There is another kamma called black and white kamma: atthi bhikkhave kammam kanhasukkam kanhasukkavipakam. Have you had black and white kamma? We have black and white papers, printings; but kamma also has black and white kammas. What is the black and white kamma? They commit kamma with a black stain. That means they commit wholesome kamma, but while commiting wholesome kamma they add greed to wholesome kamma. Meaning – when I say this, don’t get offended- they give dana, observe precepts, eight precepts, ten precepts, five precepts and so forth, and they wish to be born in a happy place, wish to have happiness. That wish stains your kamma. If you wish to be born in heaven while commiting wholesome kamma, you add a little stain, a little darkness, a little low-quality mental state. You do not add high quality. The kamma is good; but you wish to be born in some higher place. What do you do with that kamma? You increase your greed. That is wholesome with a dark stain.
And sometimes you commit wholesome kamma without a dark stain, and still you have desire to be born somewhere. You don’t wish to be liberated from samsara. If you are born in a divine realm, you will live there thousands and thousands or millions and millions of years, and still you are in samsara.
We have to commit kamma to liberate from samsara. That is the fourth kind of kamma which I will explain later. Now you are still in the mundane puthujjana level.
Even divine beings: One day a divine being said to Anathapindika, Upaniyati jivtamappamayu, jarupanitassa na santi tana, etam bhayam marane pekkhamano, punnani kayiratha sukhavahaniti: “This life, so very short, is led onward. There is no shelter for one led by old age. Seeing this peril in that, do good deeds; that brings you happiness.” Knowing that we all die, the deity said, knowing that when we grow older, your death is within sight, death is calling you: “Come on come on come on” – no escape. Therefore, do good things very quickly, so that your next life will be good.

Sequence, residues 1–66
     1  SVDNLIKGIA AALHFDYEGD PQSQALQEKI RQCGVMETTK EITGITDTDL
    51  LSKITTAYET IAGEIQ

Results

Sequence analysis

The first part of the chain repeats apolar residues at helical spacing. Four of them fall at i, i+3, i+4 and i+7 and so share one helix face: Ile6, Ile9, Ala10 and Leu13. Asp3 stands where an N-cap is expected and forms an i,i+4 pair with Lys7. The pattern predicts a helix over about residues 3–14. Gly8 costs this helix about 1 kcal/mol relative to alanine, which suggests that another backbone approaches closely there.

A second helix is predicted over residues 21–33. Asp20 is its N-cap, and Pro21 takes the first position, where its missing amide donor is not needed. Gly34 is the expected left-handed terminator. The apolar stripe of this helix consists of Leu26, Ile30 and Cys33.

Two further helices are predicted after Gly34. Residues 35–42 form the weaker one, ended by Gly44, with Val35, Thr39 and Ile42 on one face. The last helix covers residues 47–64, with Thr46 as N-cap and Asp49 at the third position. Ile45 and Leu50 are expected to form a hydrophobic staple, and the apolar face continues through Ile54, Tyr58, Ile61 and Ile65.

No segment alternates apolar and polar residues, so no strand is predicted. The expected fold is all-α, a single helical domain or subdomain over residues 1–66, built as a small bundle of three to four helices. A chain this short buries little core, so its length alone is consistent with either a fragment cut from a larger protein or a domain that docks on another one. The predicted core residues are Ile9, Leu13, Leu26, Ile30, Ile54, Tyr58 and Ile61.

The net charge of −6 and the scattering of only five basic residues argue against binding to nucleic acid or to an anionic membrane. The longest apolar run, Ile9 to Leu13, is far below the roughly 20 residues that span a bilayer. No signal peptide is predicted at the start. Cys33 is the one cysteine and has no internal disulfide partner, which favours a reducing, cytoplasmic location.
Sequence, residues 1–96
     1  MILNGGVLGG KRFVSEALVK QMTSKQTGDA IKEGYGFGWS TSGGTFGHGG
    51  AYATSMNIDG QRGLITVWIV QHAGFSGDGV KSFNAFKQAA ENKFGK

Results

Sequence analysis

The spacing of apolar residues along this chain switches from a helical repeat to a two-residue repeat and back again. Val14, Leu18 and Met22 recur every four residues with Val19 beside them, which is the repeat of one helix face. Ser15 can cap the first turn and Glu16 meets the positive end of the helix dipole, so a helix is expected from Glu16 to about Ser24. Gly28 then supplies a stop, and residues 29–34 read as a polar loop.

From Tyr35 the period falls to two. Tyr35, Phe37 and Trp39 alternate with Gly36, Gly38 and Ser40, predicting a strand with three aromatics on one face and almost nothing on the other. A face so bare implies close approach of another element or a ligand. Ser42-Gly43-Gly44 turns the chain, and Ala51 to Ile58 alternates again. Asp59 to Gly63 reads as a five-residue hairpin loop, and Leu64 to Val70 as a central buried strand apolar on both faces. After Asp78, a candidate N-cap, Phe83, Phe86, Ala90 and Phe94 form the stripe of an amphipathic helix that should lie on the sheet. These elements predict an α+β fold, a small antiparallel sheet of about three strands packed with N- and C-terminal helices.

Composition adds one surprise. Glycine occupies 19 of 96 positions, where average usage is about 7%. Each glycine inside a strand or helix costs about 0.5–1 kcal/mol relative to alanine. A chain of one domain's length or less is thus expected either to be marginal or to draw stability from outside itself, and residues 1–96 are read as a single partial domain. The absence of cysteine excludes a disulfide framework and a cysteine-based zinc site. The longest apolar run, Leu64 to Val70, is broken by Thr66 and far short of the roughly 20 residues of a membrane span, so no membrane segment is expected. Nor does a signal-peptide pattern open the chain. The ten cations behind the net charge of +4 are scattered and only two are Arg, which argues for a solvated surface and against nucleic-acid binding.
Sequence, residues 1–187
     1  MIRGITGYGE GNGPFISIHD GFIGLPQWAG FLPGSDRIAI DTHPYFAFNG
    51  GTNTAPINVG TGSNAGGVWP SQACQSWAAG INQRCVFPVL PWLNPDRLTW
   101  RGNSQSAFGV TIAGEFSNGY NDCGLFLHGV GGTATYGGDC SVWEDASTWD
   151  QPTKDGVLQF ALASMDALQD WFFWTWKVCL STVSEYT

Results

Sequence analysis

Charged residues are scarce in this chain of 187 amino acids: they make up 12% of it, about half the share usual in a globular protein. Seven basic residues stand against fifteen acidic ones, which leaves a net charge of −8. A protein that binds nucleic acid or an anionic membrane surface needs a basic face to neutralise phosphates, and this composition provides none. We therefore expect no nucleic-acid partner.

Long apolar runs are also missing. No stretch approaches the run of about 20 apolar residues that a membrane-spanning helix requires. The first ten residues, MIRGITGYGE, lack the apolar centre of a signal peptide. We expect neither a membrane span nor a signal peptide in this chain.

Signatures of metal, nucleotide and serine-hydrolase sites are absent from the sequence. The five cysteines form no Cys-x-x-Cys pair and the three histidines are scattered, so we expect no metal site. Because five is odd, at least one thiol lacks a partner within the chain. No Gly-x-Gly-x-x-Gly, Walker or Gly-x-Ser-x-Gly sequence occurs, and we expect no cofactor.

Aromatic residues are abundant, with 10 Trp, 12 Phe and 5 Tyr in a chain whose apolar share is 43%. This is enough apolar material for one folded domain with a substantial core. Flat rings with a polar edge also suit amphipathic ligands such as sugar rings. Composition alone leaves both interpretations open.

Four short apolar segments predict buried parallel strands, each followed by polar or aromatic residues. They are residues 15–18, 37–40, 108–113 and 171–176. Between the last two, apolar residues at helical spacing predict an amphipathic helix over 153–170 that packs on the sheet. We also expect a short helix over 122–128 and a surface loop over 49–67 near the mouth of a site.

Who says this? A divine being. So, a divine being also is a puthujjana – not an ariyan, not an enlightened person. When Buddha came to know about it, he changed this last line of the stanza. He said, Etam bhayam marane pekkhamano, lokamisam pajahe santipekkho ti: “Seeing this death very close to you, within sight, death is visible; and therefore, give up lokamisa, worldly pleasure.” When you commit wholesome kamma, you have worldly pleasure, worldly happiness. Buddha said, “When you see death approaching, don’t commit wholesome kamma.”
You see, you can hear the words appamado amatapadam – Let me put it in English just to save time: “Unmindfulness is the path to death; mindfulness is the path to deathlessness. The mindful do not die; the unmindful are dead already.” That means: If you wish to be born again and again and again and again, you are an unmindful person. Not a mindful person. A mindful person does not wish to be born again and again. Why? The mindful person sees the peril, the danger of repetition of birth and death. From Vipassi Buddha up to Gotama Buddha, all seven buddhas saw this; and they saw vipassana magga, and they committed to shorten their existence in samsara.
So, even when we see our underlying tendences called asava – – By the way, you have heard the word “asava”? Underneath asava is anusaya. Under anusaya there is another layer of defilements. That is called samyojana. Samyojana is at the bottom; from samyojana arises anusaya. Anusaya means “lying dormant in you.” That’s a fine defilement. Above that is asava, a little less gross. Above that are hindrances, nivarana. So, when asava is there, we see that when senses and sensory objects meet together, consciousness, contact, feeling, perception arise, and then at that moment the anusaya level becomes active, pariyutthana. And if you don’t take care at that level, it becomes vitikkamma. That means start going on the road to committing kamma. If you don’t take care of that at that state, then it commits kamma, kamma pattha. Ordinary people stop there. They know this; beyond that, the puthujjana, the ordinary person, does not do anything.
Now, there are four purposes for developing concentration. Four purposes. One purpose is ditthadhammasukkhavihara. I’m talking about the puthujjana, the ordinary person. That person enjoys peace in this life. That is a very blissful state. The person attains the first jhana, the second jhana, the third jhana, the fourth jhana – and attains a very very peaceful moment. A person likes to stay there. Anybody likes to stay in that peaceful state.